Based on oral tradition, once the law had been established (see the law of 39 melacha or “restrictions”), nothing further could be added; since the above categories weren’t on the list, the people had to find a way to link his sins to the familiarity of the Oral Law they knew at the time. According to tradition, binding the sheaves is a violation by halachic standards, which he didn’t do, what was done was actually “bringing together” - from the root ע-מ-ר, which didn’t include binding. If so, then “gathering” would have been included originally - if one supplements it for “tying” (qosher - קושר). Note too that the perpetrator didn’t light a fire (a cardinal sin in Judaism during Shabbat). Regardless, according to the text, he didn’t care to commit an unintentional sin, what he wanted was death. He wanted to be caught. He didn’t need the wood, it was only a tool for him to break Shabbat - and remember - this happened after the parting of the Sea of Reeds! So he knew well the G-d of Israel existed.

    The convert was in jail until death, approximately a year. Why did they wait a year, because he was on trial to see whether or not he knew what he was doing (intentional) or not (unintentional).

    Now, of course this would only work for ignorant people, but not a rabbi, so you’d first think! So do we then just kill the rabbi? No. Talmidim aren’t to be executed either, every person must get a trial first. We can’t read minds to know for sure if someone was indeed ignoring the commandment or mistook it for something else. To Jews, we have a concept called Ahavat Yisrael, meaning, every Jew, even a convert, should help his fellow Jew and do everything in his or her power to encroach them not to commit sins. Plus, the court cannot execute a person if the vote is off by one (the court was made up of exactly 23 judges when reviewing such cases), and remember R. Akiva once said the court never killed anyone until that one time in seventy years and even that was considered a wicked court! Remember, if the court agreed unanimously, the perpetrator was acquitted, thus why it was almost impossible to ever carry it out! Even then, you, the witness to the crime, must lay your hand on the head of the supposed purpetrator, taking full responsibility for his death if you were wrong.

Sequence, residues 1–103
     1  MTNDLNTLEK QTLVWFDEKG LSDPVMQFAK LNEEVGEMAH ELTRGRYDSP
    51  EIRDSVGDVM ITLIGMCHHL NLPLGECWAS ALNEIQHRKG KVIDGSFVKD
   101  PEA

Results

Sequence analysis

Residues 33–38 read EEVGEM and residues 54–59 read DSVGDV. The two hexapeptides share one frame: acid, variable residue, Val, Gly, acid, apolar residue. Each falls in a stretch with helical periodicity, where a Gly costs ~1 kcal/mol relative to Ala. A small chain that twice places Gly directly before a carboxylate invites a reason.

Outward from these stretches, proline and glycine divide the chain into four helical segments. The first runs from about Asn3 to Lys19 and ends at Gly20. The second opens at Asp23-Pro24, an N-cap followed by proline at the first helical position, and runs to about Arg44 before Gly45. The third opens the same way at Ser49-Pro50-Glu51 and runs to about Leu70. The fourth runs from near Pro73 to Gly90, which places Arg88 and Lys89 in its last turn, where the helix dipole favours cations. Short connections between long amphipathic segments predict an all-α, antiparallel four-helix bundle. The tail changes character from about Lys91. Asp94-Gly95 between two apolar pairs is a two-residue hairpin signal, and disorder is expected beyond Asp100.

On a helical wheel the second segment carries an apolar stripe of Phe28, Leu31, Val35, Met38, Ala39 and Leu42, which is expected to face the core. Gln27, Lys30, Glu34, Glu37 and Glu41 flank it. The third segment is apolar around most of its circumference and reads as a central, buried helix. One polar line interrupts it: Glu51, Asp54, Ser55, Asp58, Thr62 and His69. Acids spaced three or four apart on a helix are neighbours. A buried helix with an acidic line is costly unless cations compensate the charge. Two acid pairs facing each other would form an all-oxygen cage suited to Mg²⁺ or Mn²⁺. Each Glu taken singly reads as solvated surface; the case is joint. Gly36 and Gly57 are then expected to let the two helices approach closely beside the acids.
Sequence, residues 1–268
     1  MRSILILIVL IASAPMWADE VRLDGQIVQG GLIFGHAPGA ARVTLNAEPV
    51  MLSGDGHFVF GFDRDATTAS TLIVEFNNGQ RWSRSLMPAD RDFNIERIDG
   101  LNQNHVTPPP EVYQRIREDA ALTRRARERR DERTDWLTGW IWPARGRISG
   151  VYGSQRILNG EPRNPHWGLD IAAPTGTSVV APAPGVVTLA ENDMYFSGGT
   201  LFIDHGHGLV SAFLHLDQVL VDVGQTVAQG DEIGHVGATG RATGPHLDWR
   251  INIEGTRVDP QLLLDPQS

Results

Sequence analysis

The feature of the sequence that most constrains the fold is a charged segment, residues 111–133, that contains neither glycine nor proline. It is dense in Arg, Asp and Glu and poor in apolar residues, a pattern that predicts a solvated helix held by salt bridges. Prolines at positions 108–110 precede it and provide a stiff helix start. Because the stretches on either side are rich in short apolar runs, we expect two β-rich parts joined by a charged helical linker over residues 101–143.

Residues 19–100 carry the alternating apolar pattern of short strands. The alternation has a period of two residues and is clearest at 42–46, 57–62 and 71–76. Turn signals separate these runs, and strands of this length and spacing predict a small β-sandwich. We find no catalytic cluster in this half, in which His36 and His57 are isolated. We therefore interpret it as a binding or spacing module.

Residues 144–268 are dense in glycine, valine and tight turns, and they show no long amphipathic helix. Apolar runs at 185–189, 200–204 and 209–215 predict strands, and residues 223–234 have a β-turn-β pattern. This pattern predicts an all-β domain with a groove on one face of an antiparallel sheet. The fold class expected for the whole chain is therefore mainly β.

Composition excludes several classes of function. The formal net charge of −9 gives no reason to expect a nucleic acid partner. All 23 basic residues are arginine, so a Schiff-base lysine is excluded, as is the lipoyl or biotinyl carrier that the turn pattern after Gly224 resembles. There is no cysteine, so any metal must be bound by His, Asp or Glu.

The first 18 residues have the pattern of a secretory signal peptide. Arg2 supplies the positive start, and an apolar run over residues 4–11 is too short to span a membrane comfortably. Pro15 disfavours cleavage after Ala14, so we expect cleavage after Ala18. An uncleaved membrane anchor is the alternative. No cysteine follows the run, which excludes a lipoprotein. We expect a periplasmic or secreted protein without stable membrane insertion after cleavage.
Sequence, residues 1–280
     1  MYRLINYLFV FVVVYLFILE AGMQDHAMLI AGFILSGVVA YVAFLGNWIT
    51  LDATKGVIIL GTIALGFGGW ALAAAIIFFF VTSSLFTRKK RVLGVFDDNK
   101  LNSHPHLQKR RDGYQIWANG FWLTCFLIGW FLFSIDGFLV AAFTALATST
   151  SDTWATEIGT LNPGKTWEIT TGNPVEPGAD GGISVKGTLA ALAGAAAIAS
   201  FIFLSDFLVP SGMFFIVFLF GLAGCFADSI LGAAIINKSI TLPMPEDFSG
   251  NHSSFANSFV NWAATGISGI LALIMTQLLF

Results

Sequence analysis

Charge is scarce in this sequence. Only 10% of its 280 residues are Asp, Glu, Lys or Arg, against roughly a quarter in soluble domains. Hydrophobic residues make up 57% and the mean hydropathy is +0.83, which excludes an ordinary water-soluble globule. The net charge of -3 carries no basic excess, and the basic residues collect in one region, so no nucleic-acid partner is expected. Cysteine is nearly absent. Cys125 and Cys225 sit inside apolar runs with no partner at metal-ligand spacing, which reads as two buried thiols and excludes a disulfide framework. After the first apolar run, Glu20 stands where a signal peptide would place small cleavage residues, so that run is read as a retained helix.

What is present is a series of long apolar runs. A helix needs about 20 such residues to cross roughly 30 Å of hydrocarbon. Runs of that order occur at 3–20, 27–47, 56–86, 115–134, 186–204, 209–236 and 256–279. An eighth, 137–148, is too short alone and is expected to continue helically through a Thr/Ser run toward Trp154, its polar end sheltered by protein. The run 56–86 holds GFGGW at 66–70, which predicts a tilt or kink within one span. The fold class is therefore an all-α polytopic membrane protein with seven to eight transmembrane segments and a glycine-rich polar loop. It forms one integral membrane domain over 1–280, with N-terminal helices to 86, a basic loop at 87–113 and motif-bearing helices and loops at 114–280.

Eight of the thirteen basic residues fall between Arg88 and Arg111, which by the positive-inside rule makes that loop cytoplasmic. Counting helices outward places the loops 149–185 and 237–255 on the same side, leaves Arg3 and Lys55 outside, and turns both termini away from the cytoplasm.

This is Torah principle, and G-d was sure to add extensive bulwarks to the law - remember, He gave you a brain, and you must be willing to die a horrible death - by stoning, burning, beheading or strangulation, it’s nothing less than suicide! According to this law then, if x killed y before you could offer him the Torah’s position, it’d be too late, and he couldn’t be executed because you didn’t offer him the lecture in time. . . he couldn’t be killed!